Sramana: You mentioned that the owner sold this company to a private equity firm. What led him to take that step rather than building the company further?
Henry Schuck: The owner was in a place where he was making a lot of money but he did not like the job. He was not in a place where he could wrap his head around hiring a team to run the business, so he sold the business to a private equity firm. That is when I left.
I worked at that firm with Kirk Brown, who is now my business partner and co-founder. He called me after the private equity firm had bought the company and I had gone to law school. He proposed building a similar business based on a SaaS model. This was in the spring of 2007. When Kirk first called me, I was finishing my first year of law school finals. My immediate reaction was to pass. I was doing well in law school and I felt I was too busy. Law school seemed like the safe career path. I did tell Kirk that if he wanted me to consult with him, he could call me back in a couple of weeks when finals were over.
He called me three weeks later and we had a conversation about what could be done. He told me that even if I did consult on the business that he wanted me to be a 50/50 partner. That was the genesis of the business. We mapped out our strategy.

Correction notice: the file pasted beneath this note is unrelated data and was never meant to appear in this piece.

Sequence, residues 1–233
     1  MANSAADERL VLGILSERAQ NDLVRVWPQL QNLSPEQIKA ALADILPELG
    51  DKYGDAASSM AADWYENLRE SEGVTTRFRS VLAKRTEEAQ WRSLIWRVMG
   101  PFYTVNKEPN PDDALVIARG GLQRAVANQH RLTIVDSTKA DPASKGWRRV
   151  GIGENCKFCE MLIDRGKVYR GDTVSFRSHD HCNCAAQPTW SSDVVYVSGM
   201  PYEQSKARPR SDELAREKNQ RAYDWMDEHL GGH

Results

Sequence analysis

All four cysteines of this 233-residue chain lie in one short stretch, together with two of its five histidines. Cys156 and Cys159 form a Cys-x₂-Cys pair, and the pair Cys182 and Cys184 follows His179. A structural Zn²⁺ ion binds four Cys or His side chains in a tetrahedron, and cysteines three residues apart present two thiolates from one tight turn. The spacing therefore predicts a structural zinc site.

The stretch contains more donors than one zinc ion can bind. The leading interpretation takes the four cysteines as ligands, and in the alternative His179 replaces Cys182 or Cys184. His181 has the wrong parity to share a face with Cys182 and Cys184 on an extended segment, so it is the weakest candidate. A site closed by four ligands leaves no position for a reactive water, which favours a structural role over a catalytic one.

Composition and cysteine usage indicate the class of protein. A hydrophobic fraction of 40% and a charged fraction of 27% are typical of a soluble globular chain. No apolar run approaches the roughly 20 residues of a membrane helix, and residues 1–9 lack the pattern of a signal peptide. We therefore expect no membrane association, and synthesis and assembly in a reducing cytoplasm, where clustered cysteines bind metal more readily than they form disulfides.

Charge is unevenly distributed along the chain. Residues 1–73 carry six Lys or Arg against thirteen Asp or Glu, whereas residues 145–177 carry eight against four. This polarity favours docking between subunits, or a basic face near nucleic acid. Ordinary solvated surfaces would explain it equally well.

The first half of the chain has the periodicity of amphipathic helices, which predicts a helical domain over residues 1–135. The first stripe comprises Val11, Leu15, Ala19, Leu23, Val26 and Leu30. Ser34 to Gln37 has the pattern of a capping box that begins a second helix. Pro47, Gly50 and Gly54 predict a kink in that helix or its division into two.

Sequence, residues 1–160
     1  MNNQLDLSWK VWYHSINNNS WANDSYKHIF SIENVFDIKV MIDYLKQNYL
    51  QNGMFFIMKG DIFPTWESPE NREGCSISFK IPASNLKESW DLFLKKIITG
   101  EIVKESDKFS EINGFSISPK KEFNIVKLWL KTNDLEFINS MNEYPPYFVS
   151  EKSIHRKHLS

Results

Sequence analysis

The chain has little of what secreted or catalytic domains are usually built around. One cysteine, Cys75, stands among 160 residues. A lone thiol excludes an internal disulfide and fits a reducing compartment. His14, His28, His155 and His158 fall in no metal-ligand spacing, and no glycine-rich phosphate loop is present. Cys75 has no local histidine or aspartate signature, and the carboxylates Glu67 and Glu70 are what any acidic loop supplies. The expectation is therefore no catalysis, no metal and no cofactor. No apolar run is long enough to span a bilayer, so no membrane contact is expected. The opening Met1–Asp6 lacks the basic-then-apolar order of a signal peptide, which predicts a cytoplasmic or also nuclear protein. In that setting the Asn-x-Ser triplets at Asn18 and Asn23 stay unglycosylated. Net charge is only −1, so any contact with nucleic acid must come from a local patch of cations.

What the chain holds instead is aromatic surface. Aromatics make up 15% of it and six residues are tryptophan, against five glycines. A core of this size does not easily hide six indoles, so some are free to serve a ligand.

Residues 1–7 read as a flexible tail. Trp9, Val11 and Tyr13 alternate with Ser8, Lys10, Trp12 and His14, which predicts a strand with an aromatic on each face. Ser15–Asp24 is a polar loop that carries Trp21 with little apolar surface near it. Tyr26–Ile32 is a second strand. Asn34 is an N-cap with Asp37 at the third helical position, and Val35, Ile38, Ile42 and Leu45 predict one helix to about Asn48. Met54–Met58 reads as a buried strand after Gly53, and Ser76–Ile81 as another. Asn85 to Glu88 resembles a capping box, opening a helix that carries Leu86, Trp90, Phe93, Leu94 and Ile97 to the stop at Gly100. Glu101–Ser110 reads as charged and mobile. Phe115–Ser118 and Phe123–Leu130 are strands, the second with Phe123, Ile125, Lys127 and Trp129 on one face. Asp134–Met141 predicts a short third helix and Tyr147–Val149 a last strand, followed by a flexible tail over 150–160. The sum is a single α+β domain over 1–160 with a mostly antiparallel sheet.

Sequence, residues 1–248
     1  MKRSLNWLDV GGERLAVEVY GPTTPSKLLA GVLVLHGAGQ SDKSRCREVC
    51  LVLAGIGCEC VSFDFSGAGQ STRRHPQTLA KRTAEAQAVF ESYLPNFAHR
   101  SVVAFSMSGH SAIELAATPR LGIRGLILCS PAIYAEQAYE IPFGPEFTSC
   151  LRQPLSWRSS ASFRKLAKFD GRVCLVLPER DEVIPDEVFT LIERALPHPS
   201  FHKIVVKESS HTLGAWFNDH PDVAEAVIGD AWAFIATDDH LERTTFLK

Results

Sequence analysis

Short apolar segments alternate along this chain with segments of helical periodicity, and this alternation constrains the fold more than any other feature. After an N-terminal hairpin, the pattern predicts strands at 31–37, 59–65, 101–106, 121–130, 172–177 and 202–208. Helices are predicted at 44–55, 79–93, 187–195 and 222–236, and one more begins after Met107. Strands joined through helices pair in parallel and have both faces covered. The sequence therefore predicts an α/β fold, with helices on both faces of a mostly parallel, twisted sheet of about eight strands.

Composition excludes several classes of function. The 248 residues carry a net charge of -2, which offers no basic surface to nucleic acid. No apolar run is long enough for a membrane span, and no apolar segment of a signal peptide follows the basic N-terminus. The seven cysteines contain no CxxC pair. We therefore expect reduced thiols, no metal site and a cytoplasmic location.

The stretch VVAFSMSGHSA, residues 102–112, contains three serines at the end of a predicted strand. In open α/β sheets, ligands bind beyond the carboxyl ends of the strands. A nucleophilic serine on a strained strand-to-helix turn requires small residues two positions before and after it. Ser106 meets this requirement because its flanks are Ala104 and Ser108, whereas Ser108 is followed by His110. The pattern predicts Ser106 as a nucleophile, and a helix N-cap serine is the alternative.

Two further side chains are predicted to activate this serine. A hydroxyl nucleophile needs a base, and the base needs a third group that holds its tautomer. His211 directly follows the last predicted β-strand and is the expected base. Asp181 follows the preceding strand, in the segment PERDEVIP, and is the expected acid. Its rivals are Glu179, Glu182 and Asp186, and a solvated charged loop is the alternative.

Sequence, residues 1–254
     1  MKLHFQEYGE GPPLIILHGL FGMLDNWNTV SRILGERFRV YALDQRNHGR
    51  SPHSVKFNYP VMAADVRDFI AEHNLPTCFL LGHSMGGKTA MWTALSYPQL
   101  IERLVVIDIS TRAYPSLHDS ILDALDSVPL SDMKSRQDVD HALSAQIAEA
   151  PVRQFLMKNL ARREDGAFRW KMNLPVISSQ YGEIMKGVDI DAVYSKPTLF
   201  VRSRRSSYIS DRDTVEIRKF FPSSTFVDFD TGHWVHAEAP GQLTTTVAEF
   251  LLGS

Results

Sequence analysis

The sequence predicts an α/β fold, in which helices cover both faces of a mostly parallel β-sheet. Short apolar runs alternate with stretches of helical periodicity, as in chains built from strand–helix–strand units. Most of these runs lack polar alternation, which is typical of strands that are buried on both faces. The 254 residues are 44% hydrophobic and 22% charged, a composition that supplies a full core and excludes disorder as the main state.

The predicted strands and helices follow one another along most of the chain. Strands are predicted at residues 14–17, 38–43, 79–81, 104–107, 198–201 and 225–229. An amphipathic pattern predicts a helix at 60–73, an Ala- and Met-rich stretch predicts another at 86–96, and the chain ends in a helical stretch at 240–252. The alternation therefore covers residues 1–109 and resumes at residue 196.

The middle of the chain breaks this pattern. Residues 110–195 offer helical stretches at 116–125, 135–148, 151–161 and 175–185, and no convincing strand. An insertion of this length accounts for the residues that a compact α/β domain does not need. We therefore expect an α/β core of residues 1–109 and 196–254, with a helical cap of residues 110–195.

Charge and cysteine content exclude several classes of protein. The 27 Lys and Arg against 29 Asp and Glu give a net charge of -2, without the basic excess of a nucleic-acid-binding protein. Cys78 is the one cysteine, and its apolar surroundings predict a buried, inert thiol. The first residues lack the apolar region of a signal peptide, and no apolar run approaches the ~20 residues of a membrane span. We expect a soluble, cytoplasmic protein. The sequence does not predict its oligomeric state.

Sramana: What is Kirk’s background?
Henry Schuck: We went to school together. He has an accounting degree from UNLV. He was also a caddy on the PGA before working in sales at a Fortune 500 company.
Sramana: When did you kick off DiscoverOrg?
Henry Schuck: In May 2007.
Sramana: Did you end up joining full time or did you remain a consultant?
Henry Schuck: I joined full time. I left the law firm that I was clerking at. I moved my second year law school classes to the evening. I got up at eight and worked until three then went to law school until nine in the evening. I carried that schedule for my final two years of law school.
That summer I was studying abroad at Oxford University. Between classes at Oxford, we were Skyping and talking by phone about building the business. We had conversations about building the database as well as the marketing list. Our idea was to build a minimally viable product. We felt that 5,000 contacts provided in a SaaS form was enough to get the attention of the clientele.
The beauty of doing this with a focus on IT is twofold. First, the IT departments at these companies tend to have the largest budgets within the corporation. Second, our clients are very easily decipherable. They are companies that sell hardware, software and IT staffing services to technology departments of large companies. It was very defined. It was not like we had to go do mass advertising. We just had to reach out to the director of sales or marketing for that person to see the value in what we were offering.